5 Ways Epoxy Floors Get Ruined (2021)

Epoxy floors are very popular because they are long lasting, easy to maintain, and having many attractive aesthetic options. While epoxy is fairly easy to install and maintain, there are ways to ruin epoxy flooring before, during, and after installation. To help avoid the major mistakes that can happen, we have laid out what can ruin a floor. 

Not Properly Prepping The Floors

One of the biggest mistakes you can make is not prepping your flooring correctly. Leaving stains on the concrete, or cracks and divots unfilled, will lead to issues with the appearance of your epoxy floor. Also, if your concrete is new, it is important it has had time to completely cure before installing epoxy. To avoid these mistakes, be sure to take the time you need to get the prep work done right, so that your hard work will not be ruined.

Installing in Too Low or Too High Humidity

Before installing your epoxy, be sure to check the guidelines in the manufacturer’s instructions for how humid it can be. High humidity can elongate the time it takes the epoxy to cure, and possibly even make epoxy not cure properly.

Incorrectly Mixing Epoxy

One of the most important aspects of epoxy installation is ensuring that the epoxy has been properly mixed. Mixing epoxy incorrectly can cause it to not cure properly. The instructions will let you know what ratio to use and how long to mix the epoxy. It is better to weigh the epoxy parts to get an accurate mix.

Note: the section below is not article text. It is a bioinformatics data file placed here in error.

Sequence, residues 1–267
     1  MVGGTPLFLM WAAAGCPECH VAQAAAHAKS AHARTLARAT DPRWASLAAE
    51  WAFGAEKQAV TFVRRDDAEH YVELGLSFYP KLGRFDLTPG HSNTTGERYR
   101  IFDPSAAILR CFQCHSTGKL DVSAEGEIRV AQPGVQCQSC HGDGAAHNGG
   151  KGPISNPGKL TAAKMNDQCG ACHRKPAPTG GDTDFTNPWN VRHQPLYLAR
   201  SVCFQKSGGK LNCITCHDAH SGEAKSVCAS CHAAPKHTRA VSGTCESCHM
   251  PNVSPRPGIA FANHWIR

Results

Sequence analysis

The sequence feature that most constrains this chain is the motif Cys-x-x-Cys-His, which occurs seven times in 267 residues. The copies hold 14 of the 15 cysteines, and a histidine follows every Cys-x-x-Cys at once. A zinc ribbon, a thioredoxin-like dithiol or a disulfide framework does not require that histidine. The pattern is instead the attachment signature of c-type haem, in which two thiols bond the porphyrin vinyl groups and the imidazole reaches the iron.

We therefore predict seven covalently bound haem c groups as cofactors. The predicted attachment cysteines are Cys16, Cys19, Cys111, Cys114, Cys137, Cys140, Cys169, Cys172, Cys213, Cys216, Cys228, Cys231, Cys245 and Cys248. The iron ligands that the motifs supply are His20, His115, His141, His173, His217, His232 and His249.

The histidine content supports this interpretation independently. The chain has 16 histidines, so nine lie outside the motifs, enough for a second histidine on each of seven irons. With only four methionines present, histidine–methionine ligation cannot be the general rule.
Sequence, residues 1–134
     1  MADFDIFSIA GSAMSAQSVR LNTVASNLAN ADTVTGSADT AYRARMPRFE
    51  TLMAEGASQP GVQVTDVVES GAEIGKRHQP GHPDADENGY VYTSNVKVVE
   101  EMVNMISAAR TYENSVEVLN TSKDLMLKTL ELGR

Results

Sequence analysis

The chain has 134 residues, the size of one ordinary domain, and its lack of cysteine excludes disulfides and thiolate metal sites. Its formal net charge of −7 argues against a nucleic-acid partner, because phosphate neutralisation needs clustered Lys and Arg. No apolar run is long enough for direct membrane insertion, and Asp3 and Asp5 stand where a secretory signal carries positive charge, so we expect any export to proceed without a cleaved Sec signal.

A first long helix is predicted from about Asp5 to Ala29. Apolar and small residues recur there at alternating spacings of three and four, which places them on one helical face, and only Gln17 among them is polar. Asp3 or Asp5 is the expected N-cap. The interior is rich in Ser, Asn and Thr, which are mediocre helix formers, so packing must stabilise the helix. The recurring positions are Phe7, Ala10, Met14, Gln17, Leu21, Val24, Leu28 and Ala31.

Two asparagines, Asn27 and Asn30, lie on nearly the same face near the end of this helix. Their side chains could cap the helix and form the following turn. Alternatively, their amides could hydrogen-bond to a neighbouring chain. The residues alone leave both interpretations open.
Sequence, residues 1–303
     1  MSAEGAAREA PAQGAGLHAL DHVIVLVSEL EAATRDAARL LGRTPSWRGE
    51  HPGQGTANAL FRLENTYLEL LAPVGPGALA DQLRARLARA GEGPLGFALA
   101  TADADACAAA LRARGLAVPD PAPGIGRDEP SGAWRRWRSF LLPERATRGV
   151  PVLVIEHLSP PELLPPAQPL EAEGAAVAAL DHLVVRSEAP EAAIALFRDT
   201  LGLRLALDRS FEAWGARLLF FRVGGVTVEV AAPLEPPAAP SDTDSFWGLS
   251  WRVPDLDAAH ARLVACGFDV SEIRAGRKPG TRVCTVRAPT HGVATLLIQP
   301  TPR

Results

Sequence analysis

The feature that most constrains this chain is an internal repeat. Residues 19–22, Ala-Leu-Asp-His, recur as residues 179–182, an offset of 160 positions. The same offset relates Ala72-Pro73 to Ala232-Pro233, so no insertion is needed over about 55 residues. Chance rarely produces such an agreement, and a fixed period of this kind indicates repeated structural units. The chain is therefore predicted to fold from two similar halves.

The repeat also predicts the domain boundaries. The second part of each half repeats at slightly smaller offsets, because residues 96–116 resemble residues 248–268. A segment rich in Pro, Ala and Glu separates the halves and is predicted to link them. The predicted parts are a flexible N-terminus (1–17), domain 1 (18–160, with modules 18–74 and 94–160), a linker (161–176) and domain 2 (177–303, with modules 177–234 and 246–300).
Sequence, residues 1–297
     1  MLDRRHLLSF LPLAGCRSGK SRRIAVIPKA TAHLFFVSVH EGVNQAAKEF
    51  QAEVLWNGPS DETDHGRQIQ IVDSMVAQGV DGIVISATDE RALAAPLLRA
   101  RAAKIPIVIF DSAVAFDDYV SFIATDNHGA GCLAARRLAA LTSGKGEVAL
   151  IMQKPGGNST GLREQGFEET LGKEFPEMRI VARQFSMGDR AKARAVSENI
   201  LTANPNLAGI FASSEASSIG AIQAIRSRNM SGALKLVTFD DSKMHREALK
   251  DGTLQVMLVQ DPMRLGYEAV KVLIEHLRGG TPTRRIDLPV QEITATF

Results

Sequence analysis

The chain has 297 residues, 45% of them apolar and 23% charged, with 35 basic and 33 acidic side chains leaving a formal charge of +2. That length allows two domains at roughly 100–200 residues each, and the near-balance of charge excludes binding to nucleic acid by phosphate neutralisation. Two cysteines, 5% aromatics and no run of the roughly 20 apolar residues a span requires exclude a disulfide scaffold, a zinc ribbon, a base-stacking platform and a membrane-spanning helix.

Scratching the Surface

Once your epoxy has been installed and cured, you will inevitably have to sweep and mop the floor. Using brooms and mops that are too abrasive can cause scratches in the epoxy surface. Use a soft bristle broom or blue commercial dust mop. To mop the floor, use a foam mop head.

Using the Wrong Cleaners

Using soapy or abrasive cleaners can cause your epoxy finish to begin to look cloudy. Use something like Simple Green to keep your floor looking its best. If you begin to notice a build up on your floor, you can use a mixture of one gallon of hot water to 4 ounces of clear ammonia. Do this treatment sparingly.

Conclusion

We hope that this article sheds some light on some of the problems that can arise when it comes to applying epoxy. If you have any other questions or concerns, feel free to reach out to any of our specialists.